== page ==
Foraminifera and Paleoenvironments in the Etchegoin and Lower San Joaquin Formations, West-Central San Joaquin Valley, California
LAGOE, MARTIN B., JOHN A. TENISON, and ROBERT BUEHRING, University of Texas at Austin, Austin, TX
The Etchegoin and San Joaquin formations preserve a rich stratigraphic record of paleoenvironments, deposition, and tectonics
during the late Miocene-Pliocene development of the San Joaquin basin. The distribution of foraminifera within these formations can help constrain this record, which includes final filling of the basin, facies responses to sea level changes, and active movement on the San Andreas fault system. The distribution of foraminifera in core samples is analyzed from seven wells along the west-central San Joaquin basin--four from Buena Vista oil field, one from western Elk Hills oil field, and two from an area just south of South Belridge oil field. A model of modern, shallow- to marginal-marine foraminiferal biofacies is used to interpret the Etchegoin-San Joaquin faunal distributions. This modern model distinguishes marsh, tidal channel, intertidal, lagoonal, littoral, and shallow sublittora environments. Low-diversity biofacies predominate with the dominant taxa being Elphidium spp., Buccella spp., Ammonia beccarii, Elphidiella hannai, Buliminella elegantissima, Nonionella miocenica, and Florilus cushmani. Agglutinated taxa generally are rare or absent but occasionally are common in the lower Etchegoin. Changes in microfauna and lithology indicate a first-order pattern of basin filling, with maximum water depths in the lower Etchegoin Formation of approximately 50 m and fluctuating marginal marine/nonmarine conditions in the San Joaquin Formation. Paleobathymetric fluctuations are not pronounced in the Etchegoin Formation and do not exceed a few tens of meters. Subsidence appears to be in balance with sediment loading as reflected in this maintenance of a narrow range of s allow marine water depths throughout a thickness of up to 1400 m. Ongoing work calibrating this foraminiferal record to the lithologic and macrofossil records in addition to interpreted depositional systems within these formations will further define relationships between paleoenvironments, relative sea level, and tectonics.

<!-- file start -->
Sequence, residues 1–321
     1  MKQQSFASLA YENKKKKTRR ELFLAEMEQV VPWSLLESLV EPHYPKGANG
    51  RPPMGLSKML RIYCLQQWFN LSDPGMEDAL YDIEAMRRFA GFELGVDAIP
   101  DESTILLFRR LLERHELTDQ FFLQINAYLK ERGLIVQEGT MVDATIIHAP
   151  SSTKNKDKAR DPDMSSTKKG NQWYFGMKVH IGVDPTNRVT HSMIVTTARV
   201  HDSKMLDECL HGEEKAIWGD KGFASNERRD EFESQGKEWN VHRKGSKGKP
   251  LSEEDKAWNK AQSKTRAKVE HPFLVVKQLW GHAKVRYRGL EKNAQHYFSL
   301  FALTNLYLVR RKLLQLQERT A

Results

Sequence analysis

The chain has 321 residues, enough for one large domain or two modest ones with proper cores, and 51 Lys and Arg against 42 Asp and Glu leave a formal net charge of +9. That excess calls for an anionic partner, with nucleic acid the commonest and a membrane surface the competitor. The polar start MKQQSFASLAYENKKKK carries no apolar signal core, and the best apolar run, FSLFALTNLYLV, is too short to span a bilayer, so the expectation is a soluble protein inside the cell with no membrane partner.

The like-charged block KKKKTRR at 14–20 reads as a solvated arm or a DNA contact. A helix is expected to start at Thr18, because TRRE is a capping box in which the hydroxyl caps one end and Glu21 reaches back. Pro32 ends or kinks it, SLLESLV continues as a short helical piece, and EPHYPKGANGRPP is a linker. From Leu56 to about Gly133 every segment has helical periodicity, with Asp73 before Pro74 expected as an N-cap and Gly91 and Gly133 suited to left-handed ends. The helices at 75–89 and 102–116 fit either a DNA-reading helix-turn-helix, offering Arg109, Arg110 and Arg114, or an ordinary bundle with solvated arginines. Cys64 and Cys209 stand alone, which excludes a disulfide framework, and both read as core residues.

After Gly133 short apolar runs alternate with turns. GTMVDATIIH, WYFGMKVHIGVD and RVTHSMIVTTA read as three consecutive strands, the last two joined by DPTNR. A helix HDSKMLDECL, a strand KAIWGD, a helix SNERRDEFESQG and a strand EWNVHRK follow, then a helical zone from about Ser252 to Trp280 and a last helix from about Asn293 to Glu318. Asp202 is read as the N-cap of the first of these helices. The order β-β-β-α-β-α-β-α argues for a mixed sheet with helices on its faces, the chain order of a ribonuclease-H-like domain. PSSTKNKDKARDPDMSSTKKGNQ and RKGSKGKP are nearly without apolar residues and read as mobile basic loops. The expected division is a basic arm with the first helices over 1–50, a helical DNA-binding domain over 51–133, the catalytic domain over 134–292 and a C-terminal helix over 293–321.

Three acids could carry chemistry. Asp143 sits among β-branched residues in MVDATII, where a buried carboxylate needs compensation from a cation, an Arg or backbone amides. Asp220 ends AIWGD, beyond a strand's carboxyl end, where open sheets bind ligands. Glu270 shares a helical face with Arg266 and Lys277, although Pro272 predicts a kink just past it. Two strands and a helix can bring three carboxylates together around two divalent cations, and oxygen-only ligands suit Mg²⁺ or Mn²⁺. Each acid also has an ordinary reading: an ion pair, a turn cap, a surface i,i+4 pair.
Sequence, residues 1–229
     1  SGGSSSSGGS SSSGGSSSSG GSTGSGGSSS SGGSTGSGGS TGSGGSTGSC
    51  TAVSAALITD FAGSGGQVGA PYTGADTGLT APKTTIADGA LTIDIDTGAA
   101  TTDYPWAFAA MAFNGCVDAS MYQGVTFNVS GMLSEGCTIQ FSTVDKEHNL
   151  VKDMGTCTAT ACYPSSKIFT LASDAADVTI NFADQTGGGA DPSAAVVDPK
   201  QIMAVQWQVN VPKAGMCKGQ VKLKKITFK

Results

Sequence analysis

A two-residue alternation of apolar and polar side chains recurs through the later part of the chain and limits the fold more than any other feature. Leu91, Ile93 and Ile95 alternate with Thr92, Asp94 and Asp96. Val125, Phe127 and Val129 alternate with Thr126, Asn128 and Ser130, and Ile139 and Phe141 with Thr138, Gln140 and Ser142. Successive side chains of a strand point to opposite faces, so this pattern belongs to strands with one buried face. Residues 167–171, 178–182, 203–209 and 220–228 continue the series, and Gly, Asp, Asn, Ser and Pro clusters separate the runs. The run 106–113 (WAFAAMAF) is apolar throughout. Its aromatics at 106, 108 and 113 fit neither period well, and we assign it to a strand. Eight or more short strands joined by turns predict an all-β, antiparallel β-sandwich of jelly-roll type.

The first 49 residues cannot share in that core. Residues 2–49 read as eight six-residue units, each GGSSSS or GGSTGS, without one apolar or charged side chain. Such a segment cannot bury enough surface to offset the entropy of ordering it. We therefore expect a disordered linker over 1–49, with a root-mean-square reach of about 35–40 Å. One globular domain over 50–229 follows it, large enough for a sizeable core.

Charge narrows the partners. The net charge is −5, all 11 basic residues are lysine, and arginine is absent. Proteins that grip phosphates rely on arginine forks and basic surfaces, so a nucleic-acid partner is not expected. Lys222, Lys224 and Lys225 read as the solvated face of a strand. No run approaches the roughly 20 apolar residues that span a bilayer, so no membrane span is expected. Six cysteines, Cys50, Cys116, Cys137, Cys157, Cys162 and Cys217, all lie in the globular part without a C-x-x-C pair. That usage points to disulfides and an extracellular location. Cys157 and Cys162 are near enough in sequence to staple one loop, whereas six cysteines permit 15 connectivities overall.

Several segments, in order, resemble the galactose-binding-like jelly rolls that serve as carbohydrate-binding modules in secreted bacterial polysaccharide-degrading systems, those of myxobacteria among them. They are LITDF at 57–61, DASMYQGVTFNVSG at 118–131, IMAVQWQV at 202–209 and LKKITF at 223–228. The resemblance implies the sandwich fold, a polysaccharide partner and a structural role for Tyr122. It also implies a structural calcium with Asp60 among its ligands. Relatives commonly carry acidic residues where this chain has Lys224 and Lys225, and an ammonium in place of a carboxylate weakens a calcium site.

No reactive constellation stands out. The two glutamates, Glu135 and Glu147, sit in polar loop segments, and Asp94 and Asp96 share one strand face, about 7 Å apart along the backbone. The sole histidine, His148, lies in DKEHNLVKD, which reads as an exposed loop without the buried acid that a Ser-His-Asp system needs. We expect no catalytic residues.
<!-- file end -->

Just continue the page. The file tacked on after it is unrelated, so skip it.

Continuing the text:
AAPG Search and Discovery Article #91009©1991 AAPG-SEPM-SEG-SPWLA Pacific Section Annual Meeting, Bakersfield, California, March 6-8, 1991 (2009)